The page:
Quilt Blocks Made With Squares


Squares are the basic building block to construct a patchwork quilt top. Many quilt patterns are made with squares only. The square is the simplest patch to sew because of the four straight sides, the ninety degree angles and the fact that all sides are, when cut properly, either on the straight or cross grain of the fabric, thus creating very little stretchsquares or distortion when sewing and pressing them. It is the perfect shape to use when piecing a beginners quilt or when teaching children how to piece.
Many antique doll quilts are pieced from squares, probably being the first attempt of a child to sew a quilt.

The simplest quilt top to sew would be one pieced exclusively with squares, all cut the same size. Depending on color arrangement, secondary patterns might develop. A top made with squares of any size also makes it very simple to figure the math involved in quilt construction. Simply divide the desired quilt top size by the intended size of the square patch. When cutting the squares, add one half inch to the square measurement to allow for seam allowances. If you are planning on making a 90 inch square quilt, you would simply choose a size for the base square, divide 90 by the size of the patch (10 inches, for instance). Every row would require nine squares, and every column would also require nine squares, thus you’d have to cut eighty-one ten and a half squares. Sew the first row, pressing all seams to one side, then sew the next and press all the seams in the opposite direction, so that they will interlock when sewing together. Place the row with the seams going towards you on top when piecing on the sewing machine in order for the feed dogs on the machine to push and lock, to achieve perfect interlocking squares, with no gaps.

The Four Patch Block

The Four Patch block is made from four squares generally made from two different fabrics, one light and one dark. squares2Rotary cutting and speed sewing techniques make the Four Patch a breeze to sew. Cut strips from selvage to selvage carefully measuring the desired finished square size plus half an inch for seam allowances. Place two strips, one of each color wrong sides together and sew with a quarter inch seam allowance. Then sub-cut the two sewn strips into units the same size as the strips you previously cut. The units will have to be pressed with the seam allowances going towards the darker of the two fabrics. Once pressed, sew two units together and press the seam towards one of the sides.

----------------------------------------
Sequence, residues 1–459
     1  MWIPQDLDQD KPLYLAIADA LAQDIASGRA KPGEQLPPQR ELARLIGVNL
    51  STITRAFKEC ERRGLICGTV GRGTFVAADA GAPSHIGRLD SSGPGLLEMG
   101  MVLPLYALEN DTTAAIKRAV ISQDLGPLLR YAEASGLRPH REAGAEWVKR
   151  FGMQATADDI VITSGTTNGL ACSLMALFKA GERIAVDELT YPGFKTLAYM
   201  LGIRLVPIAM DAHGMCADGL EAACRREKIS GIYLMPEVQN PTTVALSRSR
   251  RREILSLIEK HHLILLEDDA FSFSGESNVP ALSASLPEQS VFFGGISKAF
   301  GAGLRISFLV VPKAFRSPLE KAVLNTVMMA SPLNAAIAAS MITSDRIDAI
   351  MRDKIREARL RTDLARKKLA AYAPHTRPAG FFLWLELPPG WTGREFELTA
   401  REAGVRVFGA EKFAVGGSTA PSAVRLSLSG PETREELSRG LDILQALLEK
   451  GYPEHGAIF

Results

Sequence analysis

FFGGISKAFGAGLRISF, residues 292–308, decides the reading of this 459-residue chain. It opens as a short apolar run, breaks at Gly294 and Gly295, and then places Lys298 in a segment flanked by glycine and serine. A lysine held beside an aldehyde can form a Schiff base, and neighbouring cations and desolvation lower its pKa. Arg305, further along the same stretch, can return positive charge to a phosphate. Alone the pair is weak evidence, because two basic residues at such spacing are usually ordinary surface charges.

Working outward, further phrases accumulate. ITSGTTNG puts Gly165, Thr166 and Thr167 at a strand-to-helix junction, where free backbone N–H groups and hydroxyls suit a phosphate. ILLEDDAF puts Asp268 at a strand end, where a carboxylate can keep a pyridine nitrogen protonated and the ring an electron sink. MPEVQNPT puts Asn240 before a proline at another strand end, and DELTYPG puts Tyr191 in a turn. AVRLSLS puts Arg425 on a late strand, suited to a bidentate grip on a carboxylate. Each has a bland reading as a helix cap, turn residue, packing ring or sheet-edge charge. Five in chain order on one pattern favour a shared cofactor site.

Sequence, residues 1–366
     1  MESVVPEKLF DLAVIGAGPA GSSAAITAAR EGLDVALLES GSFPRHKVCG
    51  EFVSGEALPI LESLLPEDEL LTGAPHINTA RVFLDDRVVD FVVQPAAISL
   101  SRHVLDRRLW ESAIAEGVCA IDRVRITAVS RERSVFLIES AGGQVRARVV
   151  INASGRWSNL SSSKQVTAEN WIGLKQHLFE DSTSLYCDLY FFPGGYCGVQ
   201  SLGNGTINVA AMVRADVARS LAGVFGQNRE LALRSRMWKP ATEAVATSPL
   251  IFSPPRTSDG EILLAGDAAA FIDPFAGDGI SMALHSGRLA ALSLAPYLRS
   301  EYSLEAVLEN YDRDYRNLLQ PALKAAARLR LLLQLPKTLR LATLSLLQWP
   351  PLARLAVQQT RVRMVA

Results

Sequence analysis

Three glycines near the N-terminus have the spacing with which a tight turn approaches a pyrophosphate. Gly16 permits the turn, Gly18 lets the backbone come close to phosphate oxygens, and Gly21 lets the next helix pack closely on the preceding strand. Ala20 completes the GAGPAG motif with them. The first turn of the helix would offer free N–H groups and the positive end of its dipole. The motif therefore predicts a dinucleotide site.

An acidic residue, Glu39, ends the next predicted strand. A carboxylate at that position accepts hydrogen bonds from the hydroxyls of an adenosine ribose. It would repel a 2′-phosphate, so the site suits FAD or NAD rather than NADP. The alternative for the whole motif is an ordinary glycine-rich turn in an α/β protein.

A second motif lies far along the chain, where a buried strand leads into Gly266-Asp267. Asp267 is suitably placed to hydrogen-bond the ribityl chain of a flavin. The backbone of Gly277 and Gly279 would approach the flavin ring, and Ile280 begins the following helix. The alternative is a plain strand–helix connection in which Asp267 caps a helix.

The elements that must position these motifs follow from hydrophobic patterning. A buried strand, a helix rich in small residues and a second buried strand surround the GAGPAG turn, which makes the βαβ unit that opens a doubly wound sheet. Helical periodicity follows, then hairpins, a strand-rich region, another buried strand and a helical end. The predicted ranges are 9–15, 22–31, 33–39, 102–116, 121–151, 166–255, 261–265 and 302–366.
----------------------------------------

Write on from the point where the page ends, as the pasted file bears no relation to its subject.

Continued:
The Four Patch block can be combined with plain squares, placed on point, or become part of more complicated quilt blocks. It is the most basic block made from squares. Blocks such as the Double Four Patch or the Disappearing Four Patch are created from the basic Four Patch. The Disappearing Four Patch is very simple to piece thanks to the rotary cutting method. Basically, after piecing a Four Patch block, made with somewhat large squares (like five inch), the block itself is sub-cut into units, by slicing one inch away from the center seams. These create narrow strips that need to be rotated 180 degrees, and sewn back together to create a block made with squares that looks complex, but in fact is simple to piece.

The Nine Patch Block

Another block made exclusively with squares, the Nine Patch requires nine squares cut the same size. It is also normally pieced with two fabrics, one dark and one light. The squares are sewn into rows of three, pressing seams towards the dark fabric, keeping the dark fabric in the center of the block. After the rows are sewn, they need to be sewn together to create the block.

Using the Nine Patch as the basic block unit, one can make countless quilt top patterns. When combined with a plain square the same size as the block, a chain effect emerges. This pattern is called “Irish Chain”. “Double Irish Chain” is another variation created by sewing plain squares alternating with Double Nine Patches, that is, a Nine Patch made with five pieced Nine Patch blocks and four plain squares.

Nine Patch blocks can be “uneven” or “even”, depending on whether the size of the squares is all the same -even- or if squaresthe center pieces are narrower than the side patches, uneven. In this case the block needs to be drafted on a five-unit grid rather than a three-unit one.

By sub-cutting the Nine Patch once pieced and rearranging the pieces, the Disappearing Nine Patch appears. It is another of the variations created from blocks made with squares only. The finished block is cut twice down the center, creating four units that can be pieced in several ways. The color placement will create movement, depending on dark and light and warm and cold color choices. The first mention of this pattern appears to be from the early twenty first century, and even though it is a new variation, it has become extremely popular.

Variations of Quilts Made with Squares

The Glorified Nine Patch combines the traditional nine-patch center with wedge shaped sides, to create a block that is rounded.

Thrifty is the name of a block that combines four Four Patch blocks with five plain squares, on a nine patch grid.



For more information on making a quilting block click here!


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